Judith Bronstein

University Distinguished Professor

Judith Bronstein

University Distinguished Professor

Positions and Education: 

  • University Distinguished Professor, Ecology and Evolutionary Biology, University of Arizona, 2012-present
  • Program Director, National Science Foundation, Division of Environmental Biology, 2007-2008
  • Professor, Ecology & Evolutionary Biology, University of Arizona, 2004-present
  • Associate Professor, Ecology & Evolutionary Biology, University of Arizona, 1995-2004
  • Assistant Professor, Ecology & Evolutionary Biology, University of Arizona, 1989-1995
  • Isaak Walton Killam Postdoctoral Fellow, Evolutionary Ecology, University of Alberta, 1988
  • NATO Postdoctoral Fellow, Evolutionary Genetics, Centre Louis Emberger (CNRS), Montpellier, France, 1987
  • Ph.D., Ecology and Evolutionary Biology, University of Michigan, 1986
  • M.Sc., Ecology and Evolutionary Biology, University of Michigan, 1981
  • A.B., Independent Studies, Brown University, 1979

Honors and Awards: 

  • 2016, Elected Fellow of the Ecological Society of America
  • 2013, Pillar of Excellence Award, University of Arizona Honors College
  • 2012, Named University Distinguished Professor, University of Arizona
  • 2008, Distinguished Service Award, National Science Foundation
  • 2007, Distinguished Career Teaching Award, College of Science, University of Arizona
  • 2006, Outstanding Faculty Award, Honors College, University of Arizona
  • 2003, Mortar Board Senior Honor Society Hall of Fame Award, University of Arizona
  • 2000, Distinguished Teaching Award, College of Science, University of Arizona

Editorial Work: 

  • 2013-2017, Editor-in-Chief, The American Naturalist
  • 2015-2017, Guest Editor, Annual Review of Ecology, Evolution and Systematics
  • 2012-2016, Advisory Board, Oxford Bibliographies Online: Ecology
  • 2010-2012, Editor, The American Naturalist
  • 2011, Associate Editor, Oxford Bibliographies Online: Ecology
  • 2009-2012, Editorial Board, Journal of Ecology
  • 2004-2007, 2008-2010, Editorial Board, The American Naturalist
  • 2003-2007, 2009-2010, Editorial Board, Oecologia
  • 1995-2003, Editorial Board, Conservation Ecology

Research Interests: 

My research focuses on the ecology and evolution of interspecific interactions, particularly on the poorly-understood, mutually beneficial ones (mutualisms). Using a combination of field observations, experiments, and theory, we are examining how population processes, abiotic conditions, and the community context determine net effects of interactions for the fitness of each participant species. Specific conceptual areas of interest include: (i) conflicts of interest between mutualists and their consequences for the maintenance of beneficial outcomes; (ii) the causes and consequences of "cheating" within mutualism; (iii) context-dependent outcomes in both mutualisms and antagonisms; and (iv) anthropogenic threats to mutualisms. My recent empirical work has focused on exploited pollination mutualisms in deserts, desert grasslands, and montane habitats in Arizona and Colorado. More generally, I work towards developing a strong conceptual foundation for the very young study of mutualistic interactions.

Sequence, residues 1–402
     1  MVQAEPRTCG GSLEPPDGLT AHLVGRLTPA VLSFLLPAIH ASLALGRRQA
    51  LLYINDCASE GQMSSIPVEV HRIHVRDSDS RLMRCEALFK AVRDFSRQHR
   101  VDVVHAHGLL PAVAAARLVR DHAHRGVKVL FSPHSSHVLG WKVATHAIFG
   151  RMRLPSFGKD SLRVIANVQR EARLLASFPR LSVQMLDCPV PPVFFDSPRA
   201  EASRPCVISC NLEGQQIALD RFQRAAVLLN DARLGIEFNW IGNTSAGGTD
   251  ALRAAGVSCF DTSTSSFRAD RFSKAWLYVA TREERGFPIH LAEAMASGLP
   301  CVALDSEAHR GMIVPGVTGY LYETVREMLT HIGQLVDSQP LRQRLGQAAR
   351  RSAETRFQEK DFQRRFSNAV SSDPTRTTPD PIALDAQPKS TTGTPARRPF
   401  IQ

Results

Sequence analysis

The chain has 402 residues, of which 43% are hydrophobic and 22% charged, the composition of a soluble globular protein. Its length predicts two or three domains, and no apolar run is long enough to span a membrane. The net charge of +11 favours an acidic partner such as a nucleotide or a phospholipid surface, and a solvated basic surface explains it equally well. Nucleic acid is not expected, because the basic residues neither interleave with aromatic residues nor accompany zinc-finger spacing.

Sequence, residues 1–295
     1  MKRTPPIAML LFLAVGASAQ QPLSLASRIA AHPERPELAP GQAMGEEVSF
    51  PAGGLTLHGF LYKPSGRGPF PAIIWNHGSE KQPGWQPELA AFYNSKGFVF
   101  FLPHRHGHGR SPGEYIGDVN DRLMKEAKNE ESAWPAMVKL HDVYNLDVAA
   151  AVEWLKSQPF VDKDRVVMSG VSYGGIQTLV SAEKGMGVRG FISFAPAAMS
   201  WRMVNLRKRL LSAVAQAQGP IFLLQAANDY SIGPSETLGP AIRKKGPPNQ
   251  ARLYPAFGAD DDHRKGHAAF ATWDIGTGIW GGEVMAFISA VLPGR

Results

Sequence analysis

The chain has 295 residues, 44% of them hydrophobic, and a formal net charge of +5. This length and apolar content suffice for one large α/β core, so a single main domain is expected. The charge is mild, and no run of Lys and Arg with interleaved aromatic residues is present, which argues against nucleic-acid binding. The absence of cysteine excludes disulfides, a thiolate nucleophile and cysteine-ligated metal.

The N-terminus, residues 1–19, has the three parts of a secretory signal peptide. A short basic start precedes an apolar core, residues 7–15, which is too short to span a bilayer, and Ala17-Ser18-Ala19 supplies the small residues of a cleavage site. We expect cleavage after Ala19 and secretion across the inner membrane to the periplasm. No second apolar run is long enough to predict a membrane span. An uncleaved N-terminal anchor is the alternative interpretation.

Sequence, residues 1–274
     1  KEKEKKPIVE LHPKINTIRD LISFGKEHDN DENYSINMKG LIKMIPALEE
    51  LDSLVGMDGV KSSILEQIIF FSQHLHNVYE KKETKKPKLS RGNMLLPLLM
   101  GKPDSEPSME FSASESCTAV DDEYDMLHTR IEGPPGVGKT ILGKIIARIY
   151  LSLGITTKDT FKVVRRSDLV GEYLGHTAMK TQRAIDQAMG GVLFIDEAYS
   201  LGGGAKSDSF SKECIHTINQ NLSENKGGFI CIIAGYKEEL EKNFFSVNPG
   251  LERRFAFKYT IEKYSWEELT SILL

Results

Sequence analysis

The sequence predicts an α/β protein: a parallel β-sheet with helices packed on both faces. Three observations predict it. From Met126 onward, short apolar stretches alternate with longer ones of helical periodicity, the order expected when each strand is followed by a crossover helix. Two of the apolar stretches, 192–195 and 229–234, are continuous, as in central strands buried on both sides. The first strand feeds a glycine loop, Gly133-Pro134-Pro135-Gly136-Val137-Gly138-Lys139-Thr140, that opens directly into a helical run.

Selected Publications: 

  1. Barker, J.L, J.L. Bronstein, M.L. Friesen, E.I. Jones, H.K. Reeve, A.G. Zink, and M.E. Frederickson (2017). Synthesizing perspectives on the evolution of cooperation within and between species. Evolution doi:10.1111/evo.13174
  2. Díaz-Muñoz, S., A. Boddy, G. Dantas, C. Waters, and J. L. Bronstein (2016). Contextual organismality: Beyond pattern to process in the emergence of organisms. Evolution doi:10.1111/evo.13078
  3. Bronstein, J.L. editor. (2015) Mutualism. Oxford University Press, NY.
  4. Rafferty, N.E, P.J. CaraDonna, and J.L. Bronstein (2015). Phenological shifts  and the fate of mutualisms. Oikos 124:14-21.
  5. Chamberlain, S.C., J. Rudgers, and J.L. Bronstein (2014). How context-dependent are species interactions? Ecology Letters 17: 881-890.
Faculty

Office Location: BSW 418
Lab Location: BSW 431